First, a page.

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School board, county coments on hearing; county labels board’s lawsuit ‘meritless’

By Eddie West

Staff Writer

A temporary restraining order hearing related to the board of education’s chancery court lawsuit filed against the county took place on December 1 before Judge C.K. Smith in Trousdale County.

The board of education lawsuit was filed in November in connection with the county’s adoption of the Financial Management System (Act) of 1981 which will require all financial transactions to take place within a centralized county finance department.

In the latest development, both the county board of education and county mayor’s office have released statements concerning the hearing. 

The latest statement was released Friday morning by the board of education and reads as follows: “Director Barry H. Smith and the Smith County Board of Education are pleased that the Court agreed with the Board of Education that an open meetings act violation likely occurred depriving the parents, taxpayers, and Board of Education employees the opportunity to know the facts and ramifications of what was being done behind closed doors. The granting of an injunction preventing the County from moving forward with the new taxpayer funded position of finance director is the first step to allow voters and taxpayers to have input on this important decision. This injunction would also give the commissioners the opportunity to do the right thing and present this issue to the taxpayers and voters by referendum as allowed by law instead of county government forcing it upon the citizens.”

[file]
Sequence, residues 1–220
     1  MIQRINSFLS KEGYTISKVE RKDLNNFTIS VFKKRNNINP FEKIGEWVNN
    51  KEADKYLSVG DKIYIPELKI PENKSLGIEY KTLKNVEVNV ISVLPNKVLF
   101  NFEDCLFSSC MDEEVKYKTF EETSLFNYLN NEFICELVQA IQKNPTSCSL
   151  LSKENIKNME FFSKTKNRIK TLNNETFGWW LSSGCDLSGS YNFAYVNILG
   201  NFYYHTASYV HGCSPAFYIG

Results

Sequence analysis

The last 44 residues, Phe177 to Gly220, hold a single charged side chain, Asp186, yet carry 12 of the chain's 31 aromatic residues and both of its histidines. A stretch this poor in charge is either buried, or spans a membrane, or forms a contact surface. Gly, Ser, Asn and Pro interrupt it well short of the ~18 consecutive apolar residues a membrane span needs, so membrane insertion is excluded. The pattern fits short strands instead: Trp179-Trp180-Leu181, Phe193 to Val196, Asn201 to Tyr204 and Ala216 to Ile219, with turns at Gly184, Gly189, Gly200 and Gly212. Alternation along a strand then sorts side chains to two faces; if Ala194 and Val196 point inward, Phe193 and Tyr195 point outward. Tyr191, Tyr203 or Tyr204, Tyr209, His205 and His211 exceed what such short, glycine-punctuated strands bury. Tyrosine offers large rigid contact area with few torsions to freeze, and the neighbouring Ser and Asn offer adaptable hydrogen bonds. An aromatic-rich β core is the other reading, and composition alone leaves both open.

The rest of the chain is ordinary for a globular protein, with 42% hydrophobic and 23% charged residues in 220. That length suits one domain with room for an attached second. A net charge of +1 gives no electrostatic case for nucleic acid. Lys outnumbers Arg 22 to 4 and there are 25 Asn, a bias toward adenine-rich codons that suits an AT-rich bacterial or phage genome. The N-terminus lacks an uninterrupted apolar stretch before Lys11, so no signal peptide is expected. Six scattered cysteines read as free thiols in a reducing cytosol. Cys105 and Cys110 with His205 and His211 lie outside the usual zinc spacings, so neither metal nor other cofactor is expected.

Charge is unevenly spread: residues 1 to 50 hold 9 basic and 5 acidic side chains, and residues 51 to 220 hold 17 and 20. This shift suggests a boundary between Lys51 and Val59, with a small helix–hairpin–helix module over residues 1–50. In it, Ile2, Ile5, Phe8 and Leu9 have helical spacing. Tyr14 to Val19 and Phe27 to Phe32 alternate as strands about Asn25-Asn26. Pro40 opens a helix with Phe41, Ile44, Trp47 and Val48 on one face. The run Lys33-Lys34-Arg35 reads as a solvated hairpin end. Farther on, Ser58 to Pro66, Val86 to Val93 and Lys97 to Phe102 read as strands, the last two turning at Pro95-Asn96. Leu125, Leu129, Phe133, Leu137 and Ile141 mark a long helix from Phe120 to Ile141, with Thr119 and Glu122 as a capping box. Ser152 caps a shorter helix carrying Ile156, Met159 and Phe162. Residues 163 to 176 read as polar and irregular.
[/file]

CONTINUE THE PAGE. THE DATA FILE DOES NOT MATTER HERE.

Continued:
On Monday of last week, the following was released by the county mayor’s office through County Attorney Jeremy Hassler’s office.

The county’s statement reads as follows: “We are pleased that Chancellor Smith allowed us to move forward with the December 14th meeting of the Financial Management Committee created as part of the implementation of the Financial Management Act of 1981. We believe that attorneys Danny Rader and Jeremy Hassler presented a firm case that no wrongdoing was done by the Smith County Commission and that the Commission acted well within their rights to vote to implement the 1981 Act at its October 9th meeting. This suit is a waste of taxpayer dollars and the need to defend the commission for doing the job that the people of Smith County elected them to do will create more unnecessary spending. We look forward to this being behind us soon and moving forward with the plan to bring more transparency, efficiency and effectiveness to Smith County Government.”


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